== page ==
By: Lizi Jones
Stanford University has gained repute in the last few years for its widely-respected online teaching platform, where it offers undergraduate-level courses on anything from cryptography to solar cells to formal logic. Now researchers and educators have added the fight against AIDS to the growing list of Stanford-based education tools offered for free, online, to the farthest reaches of the world, in the form of TeachAIDS. We have had the opportunity to see Piya Sorcar present the work of TeachAIDS twice in the last three months and are struck by how quickly their work has scaled.
TeachAIDS began as a graduate research project at Stanford in 2005, and stepped out as an independent NGO in 2009. It has since expanded to become an instructional tool used in more than 70 countries to teach any- and everyone from the level of individual health care workers to governments and international NGOs about the transmission, prevention, and treatment of HIV/AIDS.
The program uses personable avatars as professors whose task is to teach a twenty-minute HIV-prevention webinar. What makes this program different is the extent to which each webinar is tailored to specific regions around the world, from Africa to South America to India. Custom avatars teach their courses using local language and dialect and targeting issues specific to those areas and populations. TeachAIDS also spends a great deal of time and careful effort looking at taboos and stigma and figuring out ways to portray difficult subjects like intimacy in a way that is culturally acceptable. One of our favorite examples is the use of Bollywood film techniques and analogies to portray intimacy (see the photo illustrating the way the camera fades to birds in the tree instead of showing any actual intimacy between man and woman). In Piya's presentation she alluded to similar taboos around images of breastfeeding and childbirth in some cultures, something critical to the work Maternova does.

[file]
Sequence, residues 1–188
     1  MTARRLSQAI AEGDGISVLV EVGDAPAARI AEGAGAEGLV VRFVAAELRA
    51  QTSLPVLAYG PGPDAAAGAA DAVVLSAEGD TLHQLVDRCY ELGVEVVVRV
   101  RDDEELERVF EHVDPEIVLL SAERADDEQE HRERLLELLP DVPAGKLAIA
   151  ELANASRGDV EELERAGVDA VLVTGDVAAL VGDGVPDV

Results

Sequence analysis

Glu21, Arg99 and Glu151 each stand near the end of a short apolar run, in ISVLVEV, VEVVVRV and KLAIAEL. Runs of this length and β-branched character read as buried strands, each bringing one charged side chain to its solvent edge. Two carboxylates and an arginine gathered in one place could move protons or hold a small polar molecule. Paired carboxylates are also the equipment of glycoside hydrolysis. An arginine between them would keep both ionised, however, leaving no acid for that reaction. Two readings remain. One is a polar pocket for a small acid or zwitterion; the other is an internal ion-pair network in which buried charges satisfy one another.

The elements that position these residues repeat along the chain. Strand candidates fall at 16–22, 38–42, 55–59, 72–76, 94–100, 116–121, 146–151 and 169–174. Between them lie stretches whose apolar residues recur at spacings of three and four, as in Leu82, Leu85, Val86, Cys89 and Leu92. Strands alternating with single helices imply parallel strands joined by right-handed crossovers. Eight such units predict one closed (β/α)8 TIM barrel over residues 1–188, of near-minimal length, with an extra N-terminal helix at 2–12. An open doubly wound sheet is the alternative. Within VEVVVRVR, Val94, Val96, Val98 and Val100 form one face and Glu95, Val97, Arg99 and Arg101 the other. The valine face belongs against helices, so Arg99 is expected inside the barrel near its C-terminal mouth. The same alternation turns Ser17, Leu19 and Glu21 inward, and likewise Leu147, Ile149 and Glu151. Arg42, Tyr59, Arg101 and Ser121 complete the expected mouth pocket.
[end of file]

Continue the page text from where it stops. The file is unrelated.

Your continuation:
The upshot is that TeachAIDS communicates with its students in their own terms, making the messages more accessible to the widely-varying populations around the world afflicted by HIV/AIDS. The online platform means these messages can be changed or updated as research does, keeping the world at large more informed on the prevention, treatment, and eventual eradication of one of its most dire afflictions.
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